Roland had amazing insights and tips for startup founders. Together, we discussed what venture capitals in general are looking for. As an example, the startup needs to know who is their competition, market fit, validation and strategy. Strategical moves such as the market expansion needs to make sense and if the team is ambitious, there will always be a need for a bigger market. He also shared that in general, all startup ecosystems need an authentic success story, that stays in the ecosystem and wants to give back to the community. All startup scenes desperately need founders who believe in what they’re doing and that have something to prove.

Good founders are very biased towards taking action. The best founders move very quickly to ensure they stay ahead.


Our day continued with a visit to BusinessFinland hosted at the Nordic Innovation House by Hartti Suomela.
BusinessFinland is a government organization for innovation funding and trade, travel and investment promotion.
The organisation is divided into four main areas: funding, international offices, Invest in Finland and Visit Finland. The international offices can provide startups with a remote community, help with things such as taxes in a foreign country and at the Nordic Innovation House, a member can even have a PO box there for mail and registration.

The meeting was very insightful: it was clear that the host had stellar background info on entering the global markets and had services that can be provided to startups such as sparring or market research in collaboration with Stanford University students.

In Finland, startups are used to offering a lot at once, while in the US you need to have laser sharp focus: what are the problems that can be handily resolved? Why are you the best person to fix the problem?

We also discussed the go-to-market plan during the meeting. There is a popular misconception that the US has one massive market to launch products and services, while in reality, markets are reached one state or region at a time due to their differences in legislation, consumer behaviour and lots else. He emphasized the importance of agility and that market reach is significantly easier once you have local references willing to back your venture.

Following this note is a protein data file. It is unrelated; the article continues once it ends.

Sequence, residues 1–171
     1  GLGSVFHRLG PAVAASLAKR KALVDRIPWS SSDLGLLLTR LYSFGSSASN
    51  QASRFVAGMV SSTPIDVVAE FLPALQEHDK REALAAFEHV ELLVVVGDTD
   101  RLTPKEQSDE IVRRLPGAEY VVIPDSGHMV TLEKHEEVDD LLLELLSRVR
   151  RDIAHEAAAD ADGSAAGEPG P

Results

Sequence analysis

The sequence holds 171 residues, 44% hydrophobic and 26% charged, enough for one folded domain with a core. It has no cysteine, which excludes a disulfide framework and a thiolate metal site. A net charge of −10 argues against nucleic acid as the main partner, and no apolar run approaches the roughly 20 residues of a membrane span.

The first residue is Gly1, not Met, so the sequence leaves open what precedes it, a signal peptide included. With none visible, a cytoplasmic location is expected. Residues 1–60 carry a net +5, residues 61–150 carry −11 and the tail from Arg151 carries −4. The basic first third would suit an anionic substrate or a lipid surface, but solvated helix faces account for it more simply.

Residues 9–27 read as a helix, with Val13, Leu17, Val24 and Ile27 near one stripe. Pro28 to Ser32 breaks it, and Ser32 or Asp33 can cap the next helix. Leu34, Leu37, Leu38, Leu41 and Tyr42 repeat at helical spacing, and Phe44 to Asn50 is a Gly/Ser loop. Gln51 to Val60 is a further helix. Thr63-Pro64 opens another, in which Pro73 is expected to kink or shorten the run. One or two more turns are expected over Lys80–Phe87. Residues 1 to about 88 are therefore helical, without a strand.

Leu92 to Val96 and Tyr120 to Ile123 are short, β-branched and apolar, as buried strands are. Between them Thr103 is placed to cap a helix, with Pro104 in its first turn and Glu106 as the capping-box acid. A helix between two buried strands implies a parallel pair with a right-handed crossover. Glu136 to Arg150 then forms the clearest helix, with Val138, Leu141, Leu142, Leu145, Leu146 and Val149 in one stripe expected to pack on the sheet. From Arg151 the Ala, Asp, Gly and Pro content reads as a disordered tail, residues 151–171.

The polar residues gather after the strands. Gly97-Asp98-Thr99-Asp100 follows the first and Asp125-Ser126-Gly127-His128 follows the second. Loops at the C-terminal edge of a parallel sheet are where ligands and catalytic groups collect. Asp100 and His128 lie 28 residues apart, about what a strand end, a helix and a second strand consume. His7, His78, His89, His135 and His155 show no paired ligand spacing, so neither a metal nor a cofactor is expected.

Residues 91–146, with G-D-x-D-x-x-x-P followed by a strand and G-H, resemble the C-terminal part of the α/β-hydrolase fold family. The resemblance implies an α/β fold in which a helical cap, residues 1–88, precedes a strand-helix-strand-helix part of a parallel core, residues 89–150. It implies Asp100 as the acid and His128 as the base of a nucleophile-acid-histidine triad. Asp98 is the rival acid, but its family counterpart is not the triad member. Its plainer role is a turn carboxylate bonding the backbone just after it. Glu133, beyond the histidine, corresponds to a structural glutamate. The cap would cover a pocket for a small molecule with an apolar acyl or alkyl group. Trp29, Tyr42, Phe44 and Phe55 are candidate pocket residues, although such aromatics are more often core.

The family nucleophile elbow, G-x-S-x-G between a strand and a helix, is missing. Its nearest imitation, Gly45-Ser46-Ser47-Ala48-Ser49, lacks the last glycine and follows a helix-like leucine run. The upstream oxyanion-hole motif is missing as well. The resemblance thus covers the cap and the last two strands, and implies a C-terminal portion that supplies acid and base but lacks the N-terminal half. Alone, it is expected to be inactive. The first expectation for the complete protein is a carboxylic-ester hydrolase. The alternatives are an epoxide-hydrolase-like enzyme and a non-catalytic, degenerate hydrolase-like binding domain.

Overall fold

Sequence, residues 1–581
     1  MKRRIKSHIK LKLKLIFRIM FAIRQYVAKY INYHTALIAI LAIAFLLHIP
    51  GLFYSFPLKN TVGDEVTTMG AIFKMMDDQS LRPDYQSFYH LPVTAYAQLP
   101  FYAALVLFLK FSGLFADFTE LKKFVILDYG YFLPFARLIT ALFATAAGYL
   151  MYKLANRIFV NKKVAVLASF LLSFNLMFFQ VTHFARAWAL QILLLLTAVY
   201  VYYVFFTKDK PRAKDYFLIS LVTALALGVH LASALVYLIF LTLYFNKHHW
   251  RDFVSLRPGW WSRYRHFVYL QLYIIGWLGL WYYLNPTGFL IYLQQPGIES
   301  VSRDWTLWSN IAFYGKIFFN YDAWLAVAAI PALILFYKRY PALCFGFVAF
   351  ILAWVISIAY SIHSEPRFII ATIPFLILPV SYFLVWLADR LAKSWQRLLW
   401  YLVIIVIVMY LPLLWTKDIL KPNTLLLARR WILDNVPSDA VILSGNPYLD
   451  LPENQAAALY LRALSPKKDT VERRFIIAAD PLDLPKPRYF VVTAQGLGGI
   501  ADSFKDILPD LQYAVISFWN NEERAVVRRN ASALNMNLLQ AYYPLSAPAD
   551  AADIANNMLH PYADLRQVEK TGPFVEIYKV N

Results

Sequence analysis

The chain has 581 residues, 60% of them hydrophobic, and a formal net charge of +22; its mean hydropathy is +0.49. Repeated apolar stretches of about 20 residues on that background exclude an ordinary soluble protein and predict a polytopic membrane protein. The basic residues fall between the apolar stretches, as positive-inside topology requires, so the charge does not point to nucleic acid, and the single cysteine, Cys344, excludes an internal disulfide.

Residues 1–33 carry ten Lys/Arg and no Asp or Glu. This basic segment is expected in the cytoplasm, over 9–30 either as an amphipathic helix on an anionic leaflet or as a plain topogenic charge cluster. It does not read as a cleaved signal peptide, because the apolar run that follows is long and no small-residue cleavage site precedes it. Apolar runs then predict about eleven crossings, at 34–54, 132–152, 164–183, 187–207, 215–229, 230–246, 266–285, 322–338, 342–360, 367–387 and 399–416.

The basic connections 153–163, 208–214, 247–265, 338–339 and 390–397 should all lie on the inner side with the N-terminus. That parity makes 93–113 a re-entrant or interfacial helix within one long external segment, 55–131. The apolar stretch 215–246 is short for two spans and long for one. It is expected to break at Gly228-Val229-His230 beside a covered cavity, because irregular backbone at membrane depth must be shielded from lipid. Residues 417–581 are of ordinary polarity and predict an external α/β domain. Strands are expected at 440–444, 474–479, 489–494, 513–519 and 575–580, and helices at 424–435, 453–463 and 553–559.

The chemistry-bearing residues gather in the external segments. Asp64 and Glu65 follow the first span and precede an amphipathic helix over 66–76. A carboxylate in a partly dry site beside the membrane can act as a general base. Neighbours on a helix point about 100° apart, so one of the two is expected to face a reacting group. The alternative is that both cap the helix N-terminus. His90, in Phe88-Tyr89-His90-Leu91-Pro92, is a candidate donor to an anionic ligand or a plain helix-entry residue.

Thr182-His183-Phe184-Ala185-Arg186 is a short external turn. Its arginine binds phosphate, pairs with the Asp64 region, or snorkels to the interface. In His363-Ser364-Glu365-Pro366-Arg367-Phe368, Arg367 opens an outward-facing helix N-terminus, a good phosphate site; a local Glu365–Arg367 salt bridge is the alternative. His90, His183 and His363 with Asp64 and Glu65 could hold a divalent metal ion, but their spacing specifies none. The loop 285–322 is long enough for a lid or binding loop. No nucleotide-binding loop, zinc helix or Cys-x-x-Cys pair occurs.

our day ended with a visit to Meru Health, which is a business to business service aiming to offer employees a multi-faceted approach to better mental wellbeing with a 12-week programme. The founder of Meru, Kristian Ranta, highlighted the importance of creating a carefully thought through culture, values and wellbeing. As an example, the productivity and efficiency are important but one needs to also have empathy, transparent communication and a trusting atmosphere despite the work at the company being straight-forward.

Some of the most useful insights included the following:
When expanding in the Nordics, one must take into account that the region has lots of smaller languages, meaning that it is harder to localize with limited resources. At the same time, it is highly important to understand the market’s society’s behaviour: as an example, pitch decks are built up differently in a place where the society in general requires time for building trust. He also stressed that local references are highly important as they raise trust. As an example, the company went through Y Combinator and got references there.

Nordic people are known for not talking a lot but being authentic – however, one must be able to speak and express themselves.


TRES aims to gather local students and young people interested in entrepreneurial ventures across fields of study and profession to provide an easy access to networks of likeminded people and the startup ecosystems by organising various events. The second day insights will be published shortly.